This Year's Festival!
September 13th to 16th, HIGH ZERO will bring together 28 amazing individuals culled from underground experimental music scenes of Canada, Germany, Italy, the United Kingdom, and the United States. This year, we will hold all five long concerts (twenty sets!) over four days at The Theater Project, a beautiful venue with great acoustics and stadium seating. Through the intense collaborations of these diverse players, we expect an extraordinary four days. A schedule of sets will be available made available in August.
The musicians of High Zero 2001:
Thomas Ankersmidt (saxophone) Berlin
Jim Baker (Arp synthesizer, piano) Chicago
John Berndt (saxophone, self-built instruments, electronics) Baltimore
Dan Breen (bass, drums, self-built instruments) Baltimore
Mike Bullock (contrabass) Boston
Charles Cohen (Buchla synthesizer) Philadelphia
Daniel Conrad (flute, voice, self-built instruments) Baltimore
Mike Cooper (national steel guitar, electronics) Rome
Helena Espvall (cello, banjo) Stockholm and Philadelphia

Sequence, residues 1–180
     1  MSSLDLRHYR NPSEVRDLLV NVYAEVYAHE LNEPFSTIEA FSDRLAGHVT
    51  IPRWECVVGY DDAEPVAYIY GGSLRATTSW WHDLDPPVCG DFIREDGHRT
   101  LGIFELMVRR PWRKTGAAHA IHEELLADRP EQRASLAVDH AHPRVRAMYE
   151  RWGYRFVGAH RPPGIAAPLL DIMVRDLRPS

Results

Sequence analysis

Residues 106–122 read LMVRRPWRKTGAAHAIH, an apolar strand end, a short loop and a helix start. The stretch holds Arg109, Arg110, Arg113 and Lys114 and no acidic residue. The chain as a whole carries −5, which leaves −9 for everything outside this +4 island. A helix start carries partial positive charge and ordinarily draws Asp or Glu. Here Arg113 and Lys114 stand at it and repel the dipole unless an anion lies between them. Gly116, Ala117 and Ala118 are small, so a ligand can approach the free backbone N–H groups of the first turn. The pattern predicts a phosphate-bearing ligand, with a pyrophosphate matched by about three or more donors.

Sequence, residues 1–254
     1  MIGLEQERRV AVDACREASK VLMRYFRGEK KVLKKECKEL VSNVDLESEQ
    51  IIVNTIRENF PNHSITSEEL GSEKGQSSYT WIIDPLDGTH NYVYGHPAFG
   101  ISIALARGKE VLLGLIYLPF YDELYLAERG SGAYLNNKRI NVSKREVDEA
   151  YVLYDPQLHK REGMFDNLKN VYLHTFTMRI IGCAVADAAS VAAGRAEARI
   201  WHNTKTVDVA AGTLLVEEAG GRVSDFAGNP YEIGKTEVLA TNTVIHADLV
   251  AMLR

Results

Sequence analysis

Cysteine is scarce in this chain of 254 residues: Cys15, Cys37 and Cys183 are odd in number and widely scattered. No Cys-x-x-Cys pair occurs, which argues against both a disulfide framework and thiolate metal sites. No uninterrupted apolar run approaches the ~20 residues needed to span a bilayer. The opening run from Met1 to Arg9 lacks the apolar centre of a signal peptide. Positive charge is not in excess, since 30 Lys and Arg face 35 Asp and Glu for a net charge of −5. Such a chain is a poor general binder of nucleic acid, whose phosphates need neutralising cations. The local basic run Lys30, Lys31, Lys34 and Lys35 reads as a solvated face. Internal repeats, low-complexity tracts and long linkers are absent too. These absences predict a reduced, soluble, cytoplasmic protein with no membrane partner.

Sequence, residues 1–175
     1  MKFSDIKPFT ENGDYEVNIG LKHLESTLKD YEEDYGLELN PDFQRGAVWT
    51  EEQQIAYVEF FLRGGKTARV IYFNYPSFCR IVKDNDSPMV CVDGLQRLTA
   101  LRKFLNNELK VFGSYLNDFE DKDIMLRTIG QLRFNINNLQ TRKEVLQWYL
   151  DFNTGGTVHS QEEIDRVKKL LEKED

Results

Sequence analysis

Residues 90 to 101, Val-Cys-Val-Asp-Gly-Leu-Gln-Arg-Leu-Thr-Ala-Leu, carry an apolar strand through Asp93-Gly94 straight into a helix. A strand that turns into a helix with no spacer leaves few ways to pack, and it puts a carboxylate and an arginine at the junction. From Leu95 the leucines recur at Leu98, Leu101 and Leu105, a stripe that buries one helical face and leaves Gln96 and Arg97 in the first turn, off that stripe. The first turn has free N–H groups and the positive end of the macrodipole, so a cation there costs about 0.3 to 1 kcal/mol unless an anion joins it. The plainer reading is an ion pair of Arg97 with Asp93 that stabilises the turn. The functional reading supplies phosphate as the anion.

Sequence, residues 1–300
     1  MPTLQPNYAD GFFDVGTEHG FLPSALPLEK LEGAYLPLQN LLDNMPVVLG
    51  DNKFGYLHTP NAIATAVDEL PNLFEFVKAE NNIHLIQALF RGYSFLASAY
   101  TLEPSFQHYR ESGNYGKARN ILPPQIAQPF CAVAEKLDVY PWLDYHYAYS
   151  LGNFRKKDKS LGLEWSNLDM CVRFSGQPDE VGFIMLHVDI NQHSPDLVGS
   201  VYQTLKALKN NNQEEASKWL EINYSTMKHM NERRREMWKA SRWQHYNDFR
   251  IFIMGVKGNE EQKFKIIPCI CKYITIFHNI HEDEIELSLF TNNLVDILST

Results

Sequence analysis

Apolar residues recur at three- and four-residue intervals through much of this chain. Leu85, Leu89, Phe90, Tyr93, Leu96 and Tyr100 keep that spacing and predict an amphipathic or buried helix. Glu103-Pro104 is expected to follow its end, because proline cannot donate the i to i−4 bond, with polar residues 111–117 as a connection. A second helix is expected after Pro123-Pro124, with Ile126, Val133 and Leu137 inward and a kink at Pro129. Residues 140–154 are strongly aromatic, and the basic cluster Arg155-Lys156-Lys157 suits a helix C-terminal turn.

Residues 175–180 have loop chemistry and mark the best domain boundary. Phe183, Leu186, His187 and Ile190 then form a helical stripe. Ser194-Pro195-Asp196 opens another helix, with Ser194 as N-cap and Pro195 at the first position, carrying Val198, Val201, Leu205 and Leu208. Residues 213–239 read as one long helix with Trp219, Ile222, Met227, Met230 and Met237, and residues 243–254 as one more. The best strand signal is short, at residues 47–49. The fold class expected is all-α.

Neil Feather (self-built instruments) Baltimore
Eric Franklin (theremin, self-built instruments) Baltimore
Lafayette Gilchrist (keyboard) Baltimore
David Gross (reeds) Boston
Andy Hayleck (guitar, electronics, self-built instruments) Baltimore
Katt Hernandez (violin) Boston
Peter Kowald (contrabass) Wuppertall [Germany]
Keenan Lawler (national steel guitar, electronics) Louisville
Eric Letourneau (computer, various) Montreal
Lukas Ligeti (drums, electronics) New York City
Kaffe Matthews (live sampling) London
Christopher Meeder (tuba) New York City
Ian Nagoski (electronics) Baltimore
Catherine Pancake (percussion) Baltimore
Evan Rapport (reeds, piano) Baltimore
Dean Roberts (guitar, electronics) Milan
Leslie Ross (bassoon) New York City
Jason Willett (anything) Baltimore
Jack Wright (reeds) Boulder
Press information, including downloadable hi-res photos and biographic material will be available shortly through www.highzero.org.
As in the previous two years, HIGH ZERO 2001 is funded through admission and individual and corporate donations. If you would like to support the festival and make a tax deductible donation, purchase a festival pass, or inquire about affordable advertising in the festival program, call John Berndt at 410 889 5854 or email at email@example.com.